2022-2023 Catalog 
    May 17, 2024  
2022-2023 Catalog [ARCHIVED CATALOG]

Classics Major

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Visiting Assistant Professor Blume

Classics is the study of ancient Greece and Rome, in particular the ancient Greek and Latin languages and literatures. Classics majors and minors study ancient Greece and Rome through direct access to the rich tradition of Greek and Latin literature in a variety of genres: epic, lyric and elegiac poetry; tragedy and comedy; ancient history and philosophy; classical mythology and religion.

Classics at Ohio Wesleyan has a long tradition that dates back to the very founding of the college in 1842. Advanced courses in Virgil; Homer; Tacitus; Sophocles; Horace; Pindar; Lucretius; Aeschylus (and many others) are offered alongside surveys of Roman Republican and Imperial history and literature; Greek literature and thought; and the hallmark of Classics at Ohio Wesleyan: small tutorials and independent studies on a variety of classical topics. Classics hosts a chapter of the national Classics Honor Society, Eta Sigma Phi.

Classics majors are well trained for a variety of career and lifetime pursuits; the Classics program at Ohio Wesleyan regularly sees its alumni/ae admitted to graduate programs in Classics, and has a rich tradition of scholarship and creative endeavors; Classics students are regularly afforded the opportunity to collaborate on scholarly projects with Classics faculty and to assist in cooperative research. Classics majors will often double major in another discipline; they are given a sound training in skills of critical reasoning and the rigor of close, careful analysis that makes Classics an attractive option either as a standalone major or in combination with another (especially for those interested in careers in law and medicine).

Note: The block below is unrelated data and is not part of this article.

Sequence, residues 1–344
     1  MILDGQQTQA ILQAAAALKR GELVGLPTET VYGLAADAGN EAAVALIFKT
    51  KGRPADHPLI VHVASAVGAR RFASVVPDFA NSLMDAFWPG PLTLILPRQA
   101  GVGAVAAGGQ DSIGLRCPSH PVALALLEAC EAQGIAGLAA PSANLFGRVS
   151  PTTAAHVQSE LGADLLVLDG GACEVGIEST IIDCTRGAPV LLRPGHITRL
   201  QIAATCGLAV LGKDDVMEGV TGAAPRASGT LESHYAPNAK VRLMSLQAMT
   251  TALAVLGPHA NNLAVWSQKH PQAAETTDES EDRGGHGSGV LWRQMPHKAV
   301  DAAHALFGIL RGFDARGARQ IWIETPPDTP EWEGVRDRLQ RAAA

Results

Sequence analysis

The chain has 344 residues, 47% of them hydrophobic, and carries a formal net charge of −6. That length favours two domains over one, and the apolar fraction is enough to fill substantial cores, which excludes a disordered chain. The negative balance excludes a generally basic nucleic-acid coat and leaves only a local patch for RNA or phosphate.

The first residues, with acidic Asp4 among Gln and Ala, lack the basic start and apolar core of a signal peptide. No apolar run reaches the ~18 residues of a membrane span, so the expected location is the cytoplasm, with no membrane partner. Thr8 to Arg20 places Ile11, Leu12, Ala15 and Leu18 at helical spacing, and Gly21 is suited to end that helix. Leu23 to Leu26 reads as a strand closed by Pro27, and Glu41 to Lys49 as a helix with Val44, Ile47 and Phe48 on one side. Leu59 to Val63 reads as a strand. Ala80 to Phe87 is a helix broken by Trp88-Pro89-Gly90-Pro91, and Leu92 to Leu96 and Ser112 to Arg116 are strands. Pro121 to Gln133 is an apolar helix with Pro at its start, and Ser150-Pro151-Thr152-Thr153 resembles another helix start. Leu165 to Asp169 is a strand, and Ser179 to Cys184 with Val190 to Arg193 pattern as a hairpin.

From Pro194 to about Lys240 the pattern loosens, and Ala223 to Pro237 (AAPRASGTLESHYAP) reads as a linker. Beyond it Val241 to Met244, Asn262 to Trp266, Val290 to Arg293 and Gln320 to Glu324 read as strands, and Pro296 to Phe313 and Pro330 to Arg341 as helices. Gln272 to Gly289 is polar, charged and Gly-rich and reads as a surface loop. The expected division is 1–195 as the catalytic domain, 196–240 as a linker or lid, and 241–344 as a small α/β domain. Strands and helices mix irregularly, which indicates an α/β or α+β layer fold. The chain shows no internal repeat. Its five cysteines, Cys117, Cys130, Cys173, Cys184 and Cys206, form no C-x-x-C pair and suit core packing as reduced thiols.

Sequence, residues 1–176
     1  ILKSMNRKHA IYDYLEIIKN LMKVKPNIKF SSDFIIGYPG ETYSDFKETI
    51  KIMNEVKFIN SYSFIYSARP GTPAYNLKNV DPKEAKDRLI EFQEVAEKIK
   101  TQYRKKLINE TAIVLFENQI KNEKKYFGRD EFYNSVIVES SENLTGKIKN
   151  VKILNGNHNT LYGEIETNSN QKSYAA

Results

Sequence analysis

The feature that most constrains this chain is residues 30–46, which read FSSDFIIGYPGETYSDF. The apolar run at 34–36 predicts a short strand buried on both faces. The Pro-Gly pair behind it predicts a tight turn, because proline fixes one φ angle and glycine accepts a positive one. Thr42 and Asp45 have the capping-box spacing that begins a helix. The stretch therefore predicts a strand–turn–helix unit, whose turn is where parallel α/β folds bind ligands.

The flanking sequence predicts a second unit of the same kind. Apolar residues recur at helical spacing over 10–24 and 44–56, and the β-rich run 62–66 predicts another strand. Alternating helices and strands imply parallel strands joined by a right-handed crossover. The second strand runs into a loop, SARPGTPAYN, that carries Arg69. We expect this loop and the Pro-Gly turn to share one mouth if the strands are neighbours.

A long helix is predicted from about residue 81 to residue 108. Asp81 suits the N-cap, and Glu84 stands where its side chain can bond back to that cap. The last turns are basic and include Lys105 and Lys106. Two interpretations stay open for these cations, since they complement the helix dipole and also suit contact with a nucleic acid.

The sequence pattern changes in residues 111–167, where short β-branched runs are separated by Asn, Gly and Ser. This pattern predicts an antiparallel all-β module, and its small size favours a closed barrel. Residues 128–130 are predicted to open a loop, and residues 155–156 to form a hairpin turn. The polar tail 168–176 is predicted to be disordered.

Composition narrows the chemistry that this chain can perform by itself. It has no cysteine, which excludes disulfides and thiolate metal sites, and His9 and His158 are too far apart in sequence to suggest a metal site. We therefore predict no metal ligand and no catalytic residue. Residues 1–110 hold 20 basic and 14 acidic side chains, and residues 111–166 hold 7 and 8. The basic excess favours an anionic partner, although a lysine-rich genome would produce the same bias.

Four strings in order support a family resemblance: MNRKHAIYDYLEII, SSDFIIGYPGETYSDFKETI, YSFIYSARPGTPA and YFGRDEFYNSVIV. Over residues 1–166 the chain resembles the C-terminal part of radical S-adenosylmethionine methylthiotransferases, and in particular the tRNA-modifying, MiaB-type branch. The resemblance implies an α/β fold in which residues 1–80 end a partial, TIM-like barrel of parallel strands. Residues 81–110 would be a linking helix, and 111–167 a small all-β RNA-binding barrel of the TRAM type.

Classics students also have the ability to apply to study in Greece and Italy; they are introduced to a vibrant series of lecturers from top Classics programs who visit Ohio Wesleyan to deliver lectures in Classics. In short, Classics majors and minors are able to engage with the rich and varied treasures of the noble traditions of the ancient Greeks and Romans that stand at the very heart of western civilization.

Learning Objectives

The Classics major envisions a number of goals for its successful students, among them:

  • Proficiency in the ancient languages (Greek and Latin) to allow for the reading of straightforward poetry and prose with the aid of a dictionary/lexicon and standard commentaries;
  • Knowledge of the history and literature of ancient Greece and Rome, so as to be able to appreciate the writings of the classical authors in their temporal and spatial contexts;
  • The ability to use standard reference works and research aids that classicists employ in their scholarship;
  • The ability to address significant problems in classical scholarship through thoughtful prose that considers the varying positions of classical scholars and renders educated judgment after scholarly reflection.


All majors in Classics must achieve advanced proficiency in at least one classical language (Greek or Latin) by completing a minimum of one (1) advanced level course in the language (e.g., GREE 330  or LATI 330 ). At least five (5) courses in the major must be numbered 250 or higher. All students of Classics (especially those interested in pursuing further work in graduate school) are strongly urged to study both Greek and Latin through the advanced level.

Classics students are urged to consider semester and summer study abroad opportunities in Greece and Italy (e.g., the American School of Classical Studies at Athens, the Intercollegiate Center in Rome, the American Institute for Roman Culture). Students intending to pursue graduate work in Classics are encouraged to pursue course work in both German and French.

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